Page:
Media Statements

Adani Australia welcomes scrutiny on council funding agreement

Adani Australia welcomes scrutiny and oversight of the funding agreement with Isaac Regional Council, knowing that all payments made are in compliance with State Government project approval conditions, the Local Government Act 2009 (Qld) and the Isaac Regional Council Revenue Policy.

Adani Australia always has, and will continue to, conduct every aspect of its business in full compliance with the law and to the highest ethical standard.

Any payments as agreed between Isaac Regional Council and Adani Australia are a condition of Queensland Government approval of the project, as stated in the Carmichael Coal Mine and Rail Project: Coordinator General’s evaluation report on the environmental impact statement, which was delivered by the Coordinator General in May 2014.

Like all other private companies that have similar agreements, we will continue to meet the Queensland Government and Council’s requirements for user-pays cost recovery.

ENDS

For further information contact the Adani Australia Media Team:


E: [email protected]

P: +61 438 031 780
Statement from Adani Australia in response to ABC News ‘Adani to pay for Isaac council staff working on Carmichael mine activities’ by Josh Robertson on 28.05.2018

“Any payments as agreed between Isaac Regional Council and Adani are a condition of Queensland Government approval of the project, as stated in the Carmichael Coal Mine and Rail Project: Coordinator General’s evaluation report on the environmental impact statement, which was delivered by the Coordinator General in May 2014.

“Furthermore, Queensland local government legislation clearly state that councils may follow user-pays principles to recover costs.

“Councils across Queensland apply a “user pays” principle to recover their costs to assess proposals and negotiate agreements with companies.

“Like all other private companies we comply with Council requirements. We will continue to meet the Council’s requirements for user-pays cost recovery.”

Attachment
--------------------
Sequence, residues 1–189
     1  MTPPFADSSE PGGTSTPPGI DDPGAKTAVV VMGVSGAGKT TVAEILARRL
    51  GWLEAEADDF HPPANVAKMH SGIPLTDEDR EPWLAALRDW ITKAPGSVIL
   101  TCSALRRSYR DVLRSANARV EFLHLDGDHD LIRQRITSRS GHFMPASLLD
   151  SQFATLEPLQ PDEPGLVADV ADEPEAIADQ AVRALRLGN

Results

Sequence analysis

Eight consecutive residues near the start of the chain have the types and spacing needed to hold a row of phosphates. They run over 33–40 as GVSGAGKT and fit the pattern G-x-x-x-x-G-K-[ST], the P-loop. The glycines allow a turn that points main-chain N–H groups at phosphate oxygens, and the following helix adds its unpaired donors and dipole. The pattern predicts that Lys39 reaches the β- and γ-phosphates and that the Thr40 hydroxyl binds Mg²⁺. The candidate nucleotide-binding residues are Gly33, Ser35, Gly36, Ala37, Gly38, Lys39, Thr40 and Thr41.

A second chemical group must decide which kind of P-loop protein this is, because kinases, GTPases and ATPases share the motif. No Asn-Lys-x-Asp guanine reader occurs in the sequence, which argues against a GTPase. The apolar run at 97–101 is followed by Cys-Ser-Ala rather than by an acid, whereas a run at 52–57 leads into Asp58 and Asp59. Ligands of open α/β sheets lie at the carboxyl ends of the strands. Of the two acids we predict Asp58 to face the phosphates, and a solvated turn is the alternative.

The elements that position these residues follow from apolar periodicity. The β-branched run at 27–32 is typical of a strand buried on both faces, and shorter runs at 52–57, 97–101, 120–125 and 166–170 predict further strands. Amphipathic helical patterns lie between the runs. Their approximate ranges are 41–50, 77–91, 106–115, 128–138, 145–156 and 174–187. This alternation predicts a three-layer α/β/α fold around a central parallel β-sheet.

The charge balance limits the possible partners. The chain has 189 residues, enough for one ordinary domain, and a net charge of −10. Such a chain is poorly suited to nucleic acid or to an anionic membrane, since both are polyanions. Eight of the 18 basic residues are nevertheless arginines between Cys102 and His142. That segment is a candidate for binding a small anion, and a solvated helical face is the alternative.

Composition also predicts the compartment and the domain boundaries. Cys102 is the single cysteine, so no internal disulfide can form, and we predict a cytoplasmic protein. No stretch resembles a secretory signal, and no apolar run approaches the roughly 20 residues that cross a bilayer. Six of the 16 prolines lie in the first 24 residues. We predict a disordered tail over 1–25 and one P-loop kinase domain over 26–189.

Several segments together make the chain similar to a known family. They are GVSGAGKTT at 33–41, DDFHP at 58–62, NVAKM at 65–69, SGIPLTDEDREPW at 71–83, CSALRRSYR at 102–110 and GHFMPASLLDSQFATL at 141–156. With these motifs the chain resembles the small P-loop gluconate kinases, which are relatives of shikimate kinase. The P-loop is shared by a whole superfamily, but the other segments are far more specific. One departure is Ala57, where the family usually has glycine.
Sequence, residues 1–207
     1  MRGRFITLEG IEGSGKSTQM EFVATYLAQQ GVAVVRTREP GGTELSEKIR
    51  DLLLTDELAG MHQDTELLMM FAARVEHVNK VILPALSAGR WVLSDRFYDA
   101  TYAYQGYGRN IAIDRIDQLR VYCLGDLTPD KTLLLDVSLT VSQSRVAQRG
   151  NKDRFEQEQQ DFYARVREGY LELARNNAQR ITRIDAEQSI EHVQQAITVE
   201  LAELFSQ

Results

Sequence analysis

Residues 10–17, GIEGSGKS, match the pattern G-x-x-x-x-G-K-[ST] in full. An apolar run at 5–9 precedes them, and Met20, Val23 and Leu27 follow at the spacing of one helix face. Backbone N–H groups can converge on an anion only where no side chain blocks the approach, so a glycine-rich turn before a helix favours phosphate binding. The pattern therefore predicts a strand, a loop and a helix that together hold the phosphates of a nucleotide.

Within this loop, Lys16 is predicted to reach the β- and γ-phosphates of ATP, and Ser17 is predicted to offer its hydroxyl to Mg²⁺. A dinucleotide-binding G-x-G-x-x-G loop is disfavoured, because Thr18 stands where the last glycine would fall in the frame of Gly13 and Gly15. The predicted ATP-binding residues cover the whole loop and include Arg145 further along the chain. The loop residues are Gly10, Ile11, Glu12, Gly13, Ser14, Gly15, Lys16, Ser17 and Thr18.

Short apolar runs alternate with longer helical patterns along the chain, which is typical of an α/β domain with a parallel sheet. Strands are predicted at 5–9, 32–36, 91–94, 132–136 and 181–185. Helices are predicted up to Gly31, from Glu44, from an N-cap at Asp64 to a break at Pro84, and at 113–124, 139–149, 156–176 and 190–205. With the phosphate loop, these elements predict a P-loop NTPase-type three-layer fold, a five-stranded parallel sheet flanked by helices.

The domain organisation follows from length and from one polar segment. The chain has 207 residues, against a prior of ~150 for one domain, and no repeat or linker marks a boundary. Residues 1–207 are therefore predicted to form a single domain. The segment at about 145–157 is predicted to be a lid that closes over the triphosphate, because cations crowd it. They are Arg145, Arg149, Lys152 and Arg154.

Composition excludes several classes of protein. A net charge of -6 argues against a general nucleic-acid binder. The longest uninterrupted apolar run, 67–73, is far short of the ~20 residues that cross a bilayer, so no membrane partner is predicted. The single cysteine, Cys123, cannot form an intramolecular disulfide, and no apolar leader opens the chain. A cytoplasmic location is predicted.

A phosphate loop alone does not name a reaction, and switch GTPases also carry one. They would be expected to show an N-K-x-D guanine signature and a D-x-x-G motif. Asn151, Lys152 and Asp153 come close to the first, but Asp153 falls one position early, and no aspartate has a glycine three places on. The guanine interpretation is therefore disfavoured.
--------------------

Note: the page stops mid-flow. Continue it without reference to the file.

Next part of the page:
On background:

It's usual practise in Queensland for developers, miners and coal seam gas companies to pay for the costs incurred by local government to negotiate agreements and assess proposals relating to private commercial operations and developments.

In particular:

· Section 97 of the Local Government Act states that a local government may, under a local law or a resolution, fix cost-recovery fees.
· Regulation 193 of the Local Government Regulations states that a local government must in its revenue policy state its cost recovery methods.
· The Isaac Regional Council Revenue Policy (attached) states:

“Section 97 of the Local Government Act 2009 allows Council to set cost-recovery fees.

“The Council recognises the validity of fully imposing the user pays principle for its cost-recovery fees, unless the imposition of the fee is contrary to its express social, economic, environmental and other corporate goals. This is considered to be the most equitable and effective revenue approach, and is founded on the basis that the regions rating base cannot subsidise the specific users or clients of Councils regulatory products and services.”


· Full version available online of the Carmichael Coal Mine and Rail Project: Coordinator General’s evaluation report on the environmental impact statement https://www.statedevelopment.qld.gov.au/resources/project/carmichael/carmichael-coal-mine-and-rail-cg-report-may2014.pdf
· The specific project approval condition that is relevant to this article is: Condition 7 Transport Infrastructure Section (B) Part (IV), which can be found on page 456 of the report above.

Statements from other parties:

· Isaac Regional Council - https://www.isaac.qld.gov.au/-/resources-projects-must-pay-their-way-to-stop-disadvantage?redirect=https%3A%2F%2Fwww.isaac.qld.gov.au%2Fhome%3Fp_p_id%3D101_INSTANCE_f7Gg%26p_p_lifecycle%3D0%26p_p_state%3Dnormal%26p_p_mode%3Dview%26p_p_col_id%3Dcolumn-2%26p_p_col_count%3D2
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